This week's #MythologyMonday theme was buildings and architecture. So I wanted to talk about the 7 Wonders of the Ancient World. Originally a sight-seeing guide, ancient travellers had listed the marvels they encountered on their trips. Diodorus Siculus is the first to mention such a list.
The lists have slight variations, with the 7 Wonders we know today based largely on those listed by Antipater of Sidon. The number 7 was chosen because the Greeks believed it represented perfection since it equalled the number of planets known in ancient times: Mercury, Venus, Mars, Jupiter, Saturn, the Sun and the Moon. We also have a 7-day-week because of the planets.
The oldest of the 7 Wonders by far and the only one surviving to this day is the Great Pyramid of Giza. It was built in ca. 27 years in the early 26th century BCE. It is the tomb of 4th Dynasty pharaoh Khufu and remained the tallest building for more than 3,800 years. The smooth, white stone casing is almost completely gone now and the golden tip hasn't glistened in Egypt's sun for a long time. But the remains are still there, more than 4000 years later.
The 2nd oldest are the Hanging Gardens of Babylon. They were described as a remarkable feat of engineering with ascending, tiered gardens:
"In this palace he [Nebuchadnezzar II] erected very high walls, supported by stone pillars; and by planting what was called a pensile paradise, and replenishing it with all sorts of trees, he rendered the prospect an exact resemblance of a mountainous country."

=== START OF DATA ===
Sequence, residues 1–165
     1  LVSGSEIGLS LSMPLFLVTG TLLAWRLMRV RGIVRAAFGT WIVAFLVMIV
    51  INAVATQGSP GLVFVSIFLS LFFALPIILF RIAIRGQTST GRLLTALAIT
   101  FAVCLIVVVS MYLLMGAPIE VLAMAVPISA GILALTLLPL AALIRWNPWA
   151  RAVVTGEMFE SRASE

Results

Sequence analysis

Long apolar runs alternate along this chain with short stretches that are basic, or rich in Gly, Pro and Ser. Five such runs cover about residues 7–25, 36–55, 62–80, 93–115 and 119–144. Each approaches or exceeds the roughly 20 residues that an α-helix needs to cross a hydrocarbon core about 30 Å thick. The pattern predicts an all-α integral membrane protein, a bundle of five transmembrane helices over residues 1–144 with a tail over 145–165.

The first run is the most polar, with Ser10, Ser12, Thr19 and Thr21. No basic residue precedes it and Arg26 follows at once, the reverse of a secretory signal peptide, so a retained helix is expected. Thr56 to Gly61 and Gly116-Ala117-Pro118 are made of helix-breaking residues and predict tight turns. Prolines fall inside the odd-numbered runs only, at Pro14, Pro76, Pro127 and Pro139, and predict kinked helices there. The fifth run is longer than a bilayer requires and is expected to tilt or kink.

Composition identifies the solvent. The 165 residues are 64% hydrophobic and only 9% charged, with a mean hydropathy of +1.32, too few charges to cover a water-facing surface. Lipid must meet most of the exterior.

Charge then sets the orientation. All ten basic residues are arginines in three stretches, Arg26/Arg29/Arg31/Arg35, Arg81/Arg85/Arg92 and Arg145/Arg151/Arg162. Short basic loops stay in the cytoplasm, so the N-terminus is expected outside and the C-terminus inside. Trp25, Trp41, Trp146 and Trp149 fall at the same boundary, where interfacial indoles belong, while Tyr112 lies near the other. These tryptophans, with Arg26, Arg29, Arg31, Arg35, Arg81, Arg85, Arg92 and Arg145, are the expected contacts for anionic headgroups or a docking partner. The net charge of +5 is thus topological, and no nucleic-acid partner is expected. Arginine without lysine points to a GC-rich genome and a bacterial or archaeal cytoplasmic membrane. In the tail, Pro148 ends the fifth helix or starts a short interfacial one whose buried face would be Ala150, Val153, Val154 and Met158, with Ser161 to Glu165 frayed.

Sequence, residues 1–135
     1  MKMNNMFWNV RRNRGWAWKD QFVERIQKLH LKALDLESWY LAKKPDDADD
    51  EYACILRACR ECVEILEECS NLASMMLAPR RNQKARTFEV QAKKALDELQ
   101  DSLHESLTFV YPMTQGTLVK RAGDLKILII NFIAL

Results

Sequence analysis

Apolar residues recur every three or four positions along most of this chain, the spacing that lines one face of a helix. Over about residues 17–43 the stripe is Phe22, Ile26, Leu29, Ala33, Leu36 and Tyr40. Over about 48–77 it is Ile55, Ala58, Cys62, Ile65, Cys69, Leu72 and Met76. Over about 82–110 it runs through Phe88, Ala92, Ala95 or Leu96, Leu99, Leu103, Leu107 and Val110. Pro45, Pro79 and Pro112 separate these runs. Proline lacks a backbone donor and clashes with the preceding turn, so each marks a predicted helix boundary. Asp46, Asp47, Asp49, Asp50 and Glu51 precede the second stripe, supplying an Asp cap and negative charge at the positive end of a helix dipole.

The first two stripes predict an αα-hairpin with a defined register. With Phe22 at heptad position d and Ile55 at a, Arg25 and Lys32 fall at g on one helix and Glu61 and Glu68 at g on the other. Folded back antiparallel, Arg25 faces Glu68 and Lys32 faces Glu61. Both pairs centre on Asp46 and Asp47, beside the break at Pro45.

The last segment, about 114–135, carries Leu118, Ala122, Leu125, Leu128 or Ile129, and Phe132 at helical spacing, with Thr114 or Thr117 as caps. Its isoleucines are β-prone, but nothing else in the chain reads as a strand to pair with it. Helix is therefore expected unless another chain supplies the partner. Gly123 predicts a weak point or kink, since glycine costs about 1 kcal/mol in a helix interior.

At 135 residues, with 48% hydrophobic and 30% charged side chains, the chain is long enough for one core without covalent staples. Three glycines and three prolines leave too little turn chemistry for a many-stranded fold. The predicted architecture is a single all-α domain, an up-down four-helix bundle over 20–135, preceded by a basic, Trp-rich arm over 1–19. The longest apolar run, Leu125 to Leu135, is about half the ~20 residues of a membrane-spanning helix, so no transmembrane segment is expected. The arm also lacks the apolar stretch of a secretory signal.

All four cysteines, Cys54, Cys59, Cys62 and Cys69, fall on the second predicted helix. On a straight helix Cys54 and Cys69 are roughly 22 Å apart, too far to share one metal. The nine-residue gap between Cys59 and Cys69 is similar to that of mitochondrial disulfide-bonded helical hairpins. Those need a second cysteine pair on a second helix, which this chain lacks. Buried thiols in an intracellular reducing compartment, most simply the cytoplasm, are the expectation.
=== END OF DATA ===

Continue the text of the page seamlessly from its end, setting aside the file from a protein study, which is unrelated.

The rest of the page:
The 3rd oldest and most beloved by Antipater of Sidon is the Temple of Artemis in Ephesos. The Greek poet Kallimachos attributed it to the Amazons. The Ephesians built it at their own expense, politely refusing Alexander of Macedon's offer to pay for it:
"It would be improper for one god to build a temple to another."
Strabo, Geography, Book 14.1.22
The 4th oldest is the statue of Zeus in his temple in Olympia. It had been made by the Greek sculptor Phidias around 435 BCE as a chryselephantine sculpture of ivory plates and gold panels on a wooden framework. The statue was lost and likely destroyed during the 5th century CE.
The 5th oldest monument and the one that survived the longest of the destroyed Sights of the Ancient World is the Mausoleum of Halicarnassus. Successive earthquakes from the 12th to the 15th century shattered the tomb of Mausolos, which had stood above the city and then its ruins for sixteen centuries.
The 6th oldest and shortest-lived of the "7 Sights" is the Colossus of Rhodes, a giant statue of Helios that was erected in the city of Rhodes, on the Greek island of Rhodes, in 280 BCE. Its construction celebrated the successful defence of Rhodes city. As the story goes, the giant siege tower's metal plating was melted down and "was used to erect a statue of their sun god, Helios, now known as the Colossus of Rhodes, to commemorate their heroic resistance."
The last on the list to be erected was the Lighthouse of Alexandria, built during the reign of Ptolemy II of Egypt. The light was produced by a furnace at the top of the tower of limestone and granite.
The last of its remnant stones were used to build the Citadel of Qaitbay.
Title image: The Great Pyramid of Giza, photographed by Vincent Brown, Wikimedia Commons